Dierk Stemmler
Translation: Christel Hughes

‘Is’: Ecstasies I-XXII, the very naming of David Williams’ discreet series of photographs invites speculation. Intrigue surrounded their appearance in 1988: rumours of sudden introspection; an illness perhaps; the photographer’s self conscious and radical change of direction. All pointed towards some hard wrought art delving into dangerous psychological territory. While charmed by the level of interest the work provoked, Williams, as ever, remained evasive about the accuracy of the analysis. There is little doubt however, that then, as now, these photographs have a profoundly personal dimension, and that they represent a point of change for the photographer, a point of maturity. This was certainly the first series of photographs - the first work of art - that Williams had felt driven to complete.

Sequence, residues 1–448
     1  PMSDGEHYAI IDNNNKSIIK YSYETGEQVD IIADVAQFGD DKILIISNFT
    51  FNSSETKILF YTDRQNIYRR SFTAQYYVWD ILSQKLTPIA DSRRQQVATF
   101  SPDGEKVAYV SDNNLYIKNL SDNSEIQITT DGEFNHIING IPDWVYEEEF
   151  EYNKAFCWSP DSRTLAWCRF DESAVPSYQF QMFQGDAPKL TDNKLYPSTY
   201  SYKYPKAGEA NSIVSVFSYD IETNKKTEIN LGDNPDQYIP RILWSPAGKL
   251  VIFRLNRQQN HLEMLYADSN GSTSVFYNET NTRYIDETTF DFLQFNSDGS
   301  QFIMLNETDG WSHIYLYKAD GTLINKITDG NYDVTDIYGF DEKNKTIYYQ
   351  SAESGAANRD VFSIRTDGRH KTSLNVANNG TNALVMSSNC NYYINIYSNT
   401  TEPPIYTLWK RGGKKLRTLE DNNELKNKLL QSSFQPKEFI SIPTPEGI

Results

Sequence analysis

For those seduced by the witty, incisive and highly popular portraits from Williams’ residency at St Margaret’s School for Girls in Edinburgh during 1984, the Ecstasies series seemed austere and impenetrable. Yet despite the obvious painstaking approach to his material and the self-contained precision of his presentation. Williams’ photographs are not the result of any programmatic strategy. Indeed, during its making, there was a sense in which Williams abdicated responsibility for the work, distanced himself from any real control of its basic structure of direction. His working process seems to have relied much more on feeling and intuition, and the idea of the photographer ‘feeling his way’ into each image is an important key to reading the photographs. Emphasising this kind of procedure should not suggest that the images offer a form of instant gratification, on the contrary they demand and reward sustained scrutiny. As these photographs assert themselves it becomes clear that Williams has not lapsed into a sterile formalism, but is testing the ground of a more direct emotional and psychological discourse with the viewer.